What makes determining the white collar crime numbers additionally challenging is that the numbers change depending on who is adding them up. When reporting data to the F.B.I., state and local law enforcement can include behavior that would not seem to fit the bill, such as the arrest of a low-income suspect for writing a bad check or committing welfare fraud as white collar crime. Tracking at the federal level is equally tough. The 93 U.S. Attorneys’ offices annually report prosecutions organized by category. What is included has changed, creating an apples-to-oranges problem for those making comparisons over time. As an illustration, back in 1992, the annual report listed within its section on white collar crime: money laundering, official corruption, procurement fraud, and environmental, health and safety offenses. Today, those are tallied under different headings.
Despite this numerical opacity, we are in the midst of a prosecution crisis or rather a nonprosecution one, according to many experts. So, what can be done? Quite a lot, actually.
First, the Justice Department must pursue the obstruction case against Donald Trump. Volume II of the Mueller Report provided detailed, persuasive arguments that Trump committed criminal obstruction on several occasions. To ignore this evidence simply due to his status as a former president would further the public’s suspicion that the most powerful are above the law. If the DOJ wins a conviction, they can deal with the problems of incarcerating a former president later. What they should not do, is simply fail to prosecute because the this is unprecedented territory.
A Trump prosecution should be thought of as under the white collar crime umbrella using both Sutherland’s 1939 status-based definition and the more modern offense-based understanding. As for status, Trump occupied the highest office in the nation, if not the world. And, as for the nature of the offense, the obstruction-of-justice statutes are often used by federal prosecutors against defendants in complex fraud investigations. It’s the lying not the underlying crime that often is prosecuted. As one example, Martha Stewart was never charged with securities fraud. Instead, she was indicted for and found guilty of obstructing an agency proceeding and making false statements to investigators looking into her suspicious stock trading.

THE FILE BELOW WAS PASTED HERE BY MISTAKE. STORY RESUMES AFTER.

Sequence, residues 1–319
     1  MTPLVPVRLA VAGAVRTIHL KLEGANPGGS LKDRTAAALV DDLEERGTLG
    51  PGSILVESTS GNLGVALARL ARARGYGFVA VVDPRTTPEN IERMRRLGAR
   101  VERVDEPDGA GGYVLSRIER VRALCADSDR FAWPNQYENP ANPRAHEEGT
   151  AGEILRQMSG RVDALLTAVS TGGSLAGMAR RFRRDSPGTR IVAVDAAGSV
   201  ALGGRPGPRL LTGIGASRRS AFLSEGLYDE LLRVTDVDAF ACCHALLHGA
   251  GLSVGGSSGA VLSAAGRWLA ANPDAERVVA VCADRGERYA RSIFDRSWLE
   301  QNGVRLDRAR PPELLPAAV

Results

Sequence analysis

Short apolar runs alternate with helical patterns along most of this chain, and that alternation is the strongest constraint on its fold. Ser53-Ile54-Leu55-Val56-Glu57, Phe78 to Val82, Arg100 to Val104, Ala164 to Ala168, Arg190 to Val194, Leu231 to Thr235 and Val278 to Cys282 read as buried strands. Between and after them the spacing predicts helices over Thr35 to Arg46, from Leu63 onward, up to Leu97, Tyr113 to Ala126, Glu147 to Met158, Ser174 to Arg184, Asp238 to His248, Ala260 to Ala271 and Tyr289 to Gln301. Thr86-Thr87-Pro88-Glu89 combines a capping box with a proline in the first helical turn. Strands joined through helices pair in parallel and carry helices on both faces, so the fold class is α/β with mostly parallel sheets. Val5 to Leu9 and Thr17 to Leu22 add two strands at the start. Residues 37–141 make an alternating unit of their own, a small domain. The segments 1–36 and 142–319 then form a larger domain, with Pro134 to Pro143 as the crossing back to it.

Second, President Biden should provide clear direction that cracking down on white collar crime is a priority. Tone from the top matters. After the Savings and Loan Crisis of the 1980s, President George H.W. Bush said, “We will not rest until the cheats, the chiselers and the charlatans spend a large chunk of their lives behind bars in prison.” He backed this rhetoric with resources. An interagency group was set up to target the biggest offenders. Plus, he sought new legislation from Congress to increase funding and laws to sharpen tools to investigate bank fraud, including the use of wiretaps. By his third year in office, federal prosecutors had charged more than 1,000 and secured convictions of more than 900 individuals involved in significant S&L fraud.